How to Take Advantage of Clearance Produce 1

How to Take Advantage of Clearance Produce

overripe bananas

Written by Erin Odom, Contributing Writer

Since this season is all about incorporating more veggies into our diets and eating from our pantries and freezers, I thought it would be a prime time to share one of my favorite frugal grocery shopping tips: how to take advantage of clearance produce.

You can stretch your weekly produce allowance a lot further if you check out the marked-down, overripe fruits and veggies!

I actually map out my grocery trips to stop at the clearance shelves and bins first. Most stores have these, and if you’re not sure if yours does, don’t be afraid to ask the store manager what they do with the overripe produce that isn’t at its prime but is not bad either. By taking advantage of these deals, you can shave up to 50-75% off your produce budget!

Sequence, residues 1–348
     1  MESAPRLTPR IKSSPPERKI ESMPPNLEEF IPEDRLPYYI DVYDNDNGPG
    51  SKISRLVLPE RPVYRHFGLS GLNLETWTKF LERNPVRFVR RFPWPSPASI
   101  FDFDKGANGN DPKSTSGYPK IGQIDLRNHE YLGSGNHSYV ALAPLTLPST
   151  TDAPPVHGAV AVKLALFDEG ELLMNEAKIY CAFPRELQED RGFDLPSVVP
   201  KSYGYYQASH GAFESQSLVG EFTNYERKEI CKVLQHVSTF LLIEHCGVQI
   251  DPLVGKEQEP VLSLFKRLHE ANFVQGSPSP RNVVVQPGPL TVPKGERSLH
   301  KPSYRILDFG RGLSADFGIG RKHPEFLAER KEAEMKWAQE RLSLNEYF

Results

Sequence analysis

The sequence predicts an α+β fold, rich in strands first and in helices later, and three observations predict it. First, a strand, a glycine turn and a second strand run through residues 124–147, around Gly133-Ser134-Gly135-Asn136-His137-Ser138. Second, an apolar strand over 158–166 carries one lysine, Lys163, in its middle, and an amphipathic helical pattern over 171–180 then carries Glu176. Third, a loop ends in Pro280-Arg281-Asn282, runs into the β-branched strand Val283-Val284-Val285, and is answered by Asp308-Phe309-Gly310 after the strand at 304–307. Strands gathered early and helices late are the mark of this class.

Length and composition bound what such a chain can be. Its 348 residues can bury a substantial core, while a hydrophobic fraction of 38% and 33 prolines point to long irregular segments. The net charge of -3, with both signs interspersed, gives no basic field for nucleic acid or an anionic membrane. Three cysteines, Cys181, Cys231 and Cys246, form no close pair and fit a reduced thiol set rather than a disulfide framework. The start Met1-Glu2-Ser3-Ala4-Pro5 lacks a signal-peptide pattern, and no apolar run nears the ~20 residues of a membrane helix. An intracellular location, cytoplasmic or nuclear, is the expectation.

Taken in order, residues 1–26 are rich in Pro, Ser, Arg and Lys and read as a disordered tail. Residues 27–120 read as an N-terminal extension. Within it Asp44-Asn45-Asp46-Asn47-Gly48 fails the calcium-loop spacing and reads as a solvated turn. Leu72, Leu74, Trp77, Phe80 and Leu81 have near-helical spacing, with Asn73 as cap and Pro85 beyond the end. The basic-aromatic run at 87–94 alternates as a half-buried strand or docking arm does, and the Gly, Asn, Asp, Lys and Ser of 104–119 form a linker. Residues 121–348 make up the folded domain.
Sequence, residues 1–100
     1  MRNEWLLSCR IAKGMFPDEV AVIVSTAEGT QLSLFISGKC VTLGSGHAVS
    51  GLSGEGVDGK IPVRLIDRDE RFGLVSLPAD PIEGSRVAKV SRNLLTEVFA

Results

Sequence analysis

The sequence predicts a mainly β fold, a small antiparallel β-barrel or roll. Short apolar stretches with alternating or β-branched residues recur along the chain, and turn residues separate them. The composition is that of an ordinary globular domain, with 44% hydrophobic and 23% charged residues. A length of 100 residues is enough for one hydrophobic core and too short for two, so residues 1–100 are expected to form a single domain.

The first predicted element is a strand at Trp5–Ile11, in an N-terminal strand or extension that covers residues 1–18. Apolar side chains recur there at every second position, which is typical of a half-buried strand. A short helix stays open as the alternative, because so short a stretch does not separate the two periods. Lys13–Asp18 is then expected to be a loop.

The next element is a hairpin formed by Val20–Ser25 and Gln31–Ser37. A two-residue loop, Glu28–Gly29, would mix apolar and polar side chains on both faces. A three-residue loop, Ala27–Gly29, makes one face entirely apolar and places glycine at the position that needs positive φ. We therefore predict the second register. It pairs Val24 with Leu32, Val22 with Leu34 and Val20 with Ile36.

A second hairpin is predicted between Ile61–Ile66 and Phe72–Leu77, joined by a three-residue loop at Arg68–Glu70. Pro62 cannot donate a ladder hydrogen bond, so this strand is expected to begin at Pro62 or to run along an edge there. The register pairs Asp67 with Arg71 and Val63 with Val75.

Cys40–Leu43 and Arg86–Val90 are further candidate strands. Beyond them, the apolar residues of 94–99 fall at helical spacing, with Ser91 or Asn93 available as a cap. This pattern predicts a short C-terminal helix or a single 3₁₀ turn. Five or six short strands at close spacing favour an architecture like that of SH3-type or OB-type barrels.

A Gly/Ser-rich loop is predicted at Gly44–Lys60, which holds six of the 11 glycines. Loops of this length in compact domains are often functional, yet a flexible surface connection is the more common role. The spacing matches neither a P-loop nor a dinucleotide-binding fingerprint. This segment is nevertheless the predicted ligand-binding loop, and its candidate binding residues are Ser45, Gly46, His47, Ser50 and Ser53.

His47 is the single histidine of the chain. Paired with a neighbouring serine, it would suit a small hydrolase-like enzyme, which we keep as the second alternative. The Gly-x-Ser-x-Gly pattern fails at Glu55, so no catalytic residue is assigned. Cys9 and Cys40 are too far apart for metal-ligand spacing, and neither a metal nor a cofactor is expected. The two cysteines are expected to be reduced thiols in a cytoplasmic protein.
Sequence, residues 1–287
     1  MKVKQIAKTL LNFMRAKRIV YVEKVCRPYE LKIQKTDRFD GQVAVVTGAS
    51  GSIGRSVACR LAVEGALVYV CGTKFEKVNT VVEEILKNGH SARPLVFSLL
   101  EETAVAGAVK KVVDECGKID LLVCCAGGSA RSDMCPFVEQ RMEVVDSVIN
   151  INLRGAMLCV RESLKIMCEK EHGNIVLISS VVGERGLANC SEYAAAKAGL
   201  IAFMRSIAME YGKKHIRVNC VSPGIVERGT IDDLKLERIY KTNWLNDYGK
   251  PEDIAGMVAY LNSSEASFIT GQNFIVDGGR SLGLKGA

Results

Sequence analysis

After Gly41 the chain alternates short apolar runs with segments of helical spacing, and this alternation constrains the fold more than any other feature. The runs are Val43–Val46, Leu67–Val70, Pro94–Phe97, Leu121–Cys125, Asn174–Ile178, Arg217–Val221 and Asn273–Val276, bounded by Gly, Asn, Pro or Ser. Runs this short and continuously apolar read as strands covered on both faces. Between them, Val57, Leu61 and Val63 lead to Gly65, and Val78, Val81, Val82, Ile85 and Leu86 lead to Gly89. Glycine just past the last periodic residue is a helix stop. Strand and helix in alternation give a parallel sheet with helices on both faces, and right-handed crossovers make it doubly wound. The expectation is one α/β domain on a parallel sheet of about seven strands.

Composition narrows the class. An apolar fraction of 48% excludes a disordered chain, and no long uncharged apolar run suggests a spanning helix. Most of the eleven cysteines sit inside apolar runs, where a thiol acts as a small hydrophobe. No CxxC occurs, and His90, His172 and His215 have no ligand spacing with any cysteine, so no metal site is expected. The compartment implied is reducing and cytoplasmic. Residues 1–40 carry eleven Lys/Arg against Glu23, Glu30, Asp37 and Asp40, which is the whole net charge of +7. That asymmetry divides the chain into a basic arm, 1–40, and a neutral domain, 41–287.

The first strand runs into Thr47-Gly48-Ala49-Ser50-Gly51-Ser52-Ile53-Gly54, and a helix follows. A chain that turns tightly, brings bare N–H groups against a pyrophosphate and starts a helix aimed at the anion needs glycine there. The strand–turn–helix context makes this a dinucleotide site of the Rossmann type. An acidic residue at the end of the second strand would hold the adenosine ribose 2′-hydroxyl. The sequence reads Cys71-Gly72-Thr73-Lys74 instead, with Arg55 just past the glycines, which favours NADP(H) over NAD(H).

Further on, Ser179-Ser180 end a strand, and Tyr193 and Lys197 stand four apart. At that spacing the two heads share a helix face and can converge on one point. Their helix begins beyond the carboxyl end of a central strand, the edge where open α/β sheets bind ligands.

3434128324 ddea 1cd 297

Image by Wonderlane

However, there are limits to what you can do with clearance produce. Keep these important tips in mind:

Make a Quick, Mental Plan Before Buying

I’ve made the mistake far, far too many times of buying too much clearance produce. While 5 pounds of mushrooms for $2.00 may sound great at the time, if they all go bad before you can use them, then it’s $2 wasted.

While I scour the clearance produce shelves, I try to form a mental plan of what I will do with the items.  Some clearance produce items are eaten fine as is, but many times they make the mark-down racks because they may have a bruise or be extra soft, etc. Can I turn the bruised apples into applesauce? Can I cook these soft tomatoes into a yummy pasta sauce? Can I freeze the browned bananas to use later in smoothies? I find that without this plan, my “great buys” may buy themselves time rotting in my fridge only to be tossed in the compost or trash can.

6274173160 ed 4ca 90200

Image by amberdegrace

Be Willing To Change Your Meal Plan

In her Plan It, Don’t Panic meal planning eBook (which is 25% off right now!), Stephanie stresses the benefits of making a flexible meal plan. This is key when taking advantage of clearance produce.